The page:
The winter of 2014 brought many adventures my way. I bought a plane ticket to the farthest place on the planet from my home. Indonesia held me in a state of allure, mystery, disdain and wonder.
Our first months in Bali did not prepare me for what Lombok held. The next larger island to the East, it was as if I had left one country and arrived in another. Lombok was entirely different. The culture, the religion, the people, the landscape. It was just as drastic as my first arrival in Indonesia.
Over the course of forty days, I fell in love with a family, a town and the ocean all over again. But that story is for another time.
For now, the logistics reign.
The Budget Breakdown
For reference, at the time of writing, the current exchange rate is 12,000 Indonesian Rupiah (IDR) to 1 U.S. dollar. I use the exact exchange rate for the big numbers, but round down to about 10,000 IDR/1$ when talking about smaller purchases (like toothpaste).
I tend to round down my exchange rates in my head. When I do look at my bank account, I will be pleasantly surprised with the number on the screen, for the number in my head is an overestimation of what I’ve spent.
These totals come from my daily records of money spent over the course of exactly forty days on the island of Lombok.
Food: 3,604,000 Rupiah = $300
Oftentimes the best money spent abroad is on the local cuisine. Local food is tastier, cheaper, and fresher. On the island of Lombok, there are few typical Western dishes made with indigenous ingredients, therefore the result is disappointing and stale.
I tend to seek out where locals frequent, watch what they order and follow suit. The only exception to this “locals only” rule is a small café on a hillside of Kuta, called Ashtari.
This number may have been much smaller, but since everything was so cheap, we splurged a few times for birthday dinners and an exorbitant amount of daily ice creams.
An average meal at our favorite local warung cost around 10,000 IDR, which was less than a dollar. A fresh coconut cost 15,000 IDR, just over a dollar. The meal was usually more than I could ever finish, nasi campur is something every traveler must experience at least once. Just make sure to go to a place that does a lot of business, it means they will be making new food all day long.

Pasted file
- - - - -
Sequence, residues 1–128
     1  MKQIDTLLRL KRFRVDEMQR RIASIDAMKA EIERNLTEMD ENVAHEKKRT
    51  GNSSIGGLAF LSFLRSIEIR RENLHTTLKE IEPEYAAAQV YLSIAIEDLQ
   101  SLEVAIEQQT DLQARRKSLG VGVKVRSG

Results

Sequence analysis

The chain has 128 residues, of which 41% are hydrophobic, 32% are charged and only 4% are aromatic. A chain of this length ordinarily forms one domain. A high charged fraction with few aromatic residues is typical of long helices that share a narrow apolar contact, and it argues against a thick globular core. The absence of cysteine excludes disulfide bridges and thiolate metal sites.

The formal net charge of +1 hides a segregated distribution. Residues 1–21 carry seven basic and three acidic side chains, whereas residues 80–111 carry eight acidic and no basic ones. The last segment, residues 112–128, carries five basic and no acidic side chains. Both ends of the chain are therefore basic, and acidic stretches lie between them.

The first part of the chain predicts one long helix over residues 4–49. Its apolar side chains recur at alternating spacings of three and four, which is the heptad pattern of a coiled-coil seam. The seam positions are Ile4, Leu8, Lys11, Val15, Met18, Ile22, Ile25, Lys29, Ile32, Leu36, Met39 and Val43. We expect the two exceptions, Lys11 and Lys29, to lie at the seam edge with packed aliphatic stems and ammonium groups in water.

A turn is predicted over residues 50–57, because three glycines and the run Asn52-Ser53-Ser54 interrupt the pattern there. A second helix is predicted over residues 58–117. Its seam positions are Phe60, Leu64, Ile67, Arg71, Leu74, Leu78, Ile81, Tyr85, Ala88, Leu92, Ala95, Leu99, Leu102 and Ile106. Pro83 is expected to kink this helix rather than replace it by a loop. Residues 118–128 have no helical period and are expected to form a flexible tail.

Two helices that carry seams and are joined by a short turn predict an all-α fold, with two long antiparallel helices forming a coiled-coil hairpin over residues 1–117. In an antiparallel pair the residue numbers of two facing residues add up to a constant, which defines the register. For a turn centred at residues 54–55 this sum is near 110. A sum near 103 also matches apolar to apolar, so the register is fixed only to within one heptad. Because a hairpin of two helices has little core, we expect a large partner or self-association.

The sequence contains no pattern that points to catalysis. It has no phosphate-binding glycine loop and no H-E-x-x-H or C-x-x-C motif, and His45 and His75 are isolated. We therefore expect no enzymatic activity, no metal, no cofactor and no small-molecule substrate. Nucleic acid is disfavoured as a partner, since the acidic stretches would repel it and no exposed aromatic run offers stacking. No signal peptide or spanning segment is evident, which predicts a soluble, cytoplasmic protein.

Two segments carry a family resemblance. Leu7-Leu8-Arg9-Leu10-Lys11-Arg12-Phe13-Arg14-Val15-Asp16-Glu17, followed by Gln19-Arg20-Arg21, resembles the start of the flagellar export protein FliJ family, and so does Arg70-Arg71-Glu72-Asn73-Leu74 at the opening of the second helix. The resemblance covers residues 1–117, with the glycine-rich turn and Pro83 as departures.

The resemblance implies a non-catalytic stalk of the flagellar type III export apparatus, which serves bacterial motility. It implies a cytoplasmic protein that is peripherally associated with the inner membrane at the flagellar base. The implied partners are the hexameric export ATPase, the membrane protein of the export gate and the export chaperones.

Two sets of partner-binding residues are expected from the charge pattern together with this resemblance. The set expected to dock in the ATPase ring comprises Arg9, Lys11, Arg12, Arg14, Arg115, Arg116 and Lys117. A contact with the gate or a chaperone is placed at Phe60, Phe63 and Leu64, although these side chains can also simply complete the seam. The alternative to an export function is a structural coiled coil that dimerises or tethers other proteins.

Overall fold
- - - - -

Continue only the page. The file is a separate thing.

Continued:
Travel: 328,000 Rupiah = $27
Our motor bike rental and petrol were the main travel costs. The rental was 50,000 Rupiah/day. For five dollars a day (more for shorter term rentals) you gain access to parts of the island usually unseen by foot-bound travelers. Petrol for the bike costs amounted to a dollar each time we filled up.
A word of caution: the roads in Lombok are hilly, unkempt and filled with tractor trailers who drive recklessly. Always, always, always be confident with your driving skills before attempting larger trips, especially through cities.
Accommodation: 4,400,000 Rupiah = $366
A nice place to hang your hat, sleep soundly and keep your belongings safe is a tough find, regardless of the destination. However, in Kuta, Lombok, accommodation standards are slowly meeting Western expectations.
Quite a few backpackers, homestays and bungalow rentals were rumored to have serious issues with safety and sanitation, so I turned to TripAdvisor for help. We booked our first nights with a place that had the highest ratings, stayed those first nights with them, but decided to strike out on our own.
When you are staying somewhere long-term, it pays to shop around. Asking owners what their deals are for longer rentals and assessing a location with your own two eyes are incredibly important to your comfort and satisfaction. Research, research, and research.
Ultimately we ended up staying at Kuta Bay Homestay with Susi. It was a lovely place to “live”, with a small pool, varying breakfast options and smiling staff. Susi was the most helpful person we encountered over the past year. She is honest and generous, two of the most important and hard to find qualities. I’ve never been closer to tears leaving a place behind as I was when I got in the taxi to leave.
Misc: 2,617,000 Rupiah = $217
My most common “miscellaneous” expense was hiring boats to drop us off at surf breaks. Depending on the break, its popularity, the time of year, the driver’s mood and your ability to speak Bahasa Indonesian all affect the price. You can expect to pay anywhere from 30,000 Rupiah ($3) to 100,000 Rupiah ($10) per person, per trip.
Between birthday gifts, once-in-a-while indulgences and the halfway point in my trip in which I promptly needed a cappuccino every day, this number was a bit higher than necessary.
On average, I spent about 273,750 Rupiah = $22 per day.
This number will obviously vary according to what type of traveler you are, what you can put up with in terms of food and accommodation, and whether you engage in surf trips.
I could have easily made that number $15/day. I could have easily made it $45/day. You control your experience. You control your life. You can travel on less than what you spend in a bar in a month.
A few things to take into consideration before traveling to Lombok:
1. Are you an adventurous eater? If not, you will expect to pay more to eat like you do at home and have a difficult time finding something comparative.
2. Are you dead set on air conditioning? Many places we looked at didn’t have it, and those that did were 5x the price of any other accommodation in the area. Give it up. It’s hot. Move slow.
3. Budget at LEAST $25 a day. This all depends on you, but I would say on average, $25 is more than enough to get a room, a motorbike, daily meals and adventures.
4. Do you know local customs? Do you know the local religion? Lombok is a conservative Muslim community. Be mindful. Cover up.
Travel with respect, earn respect.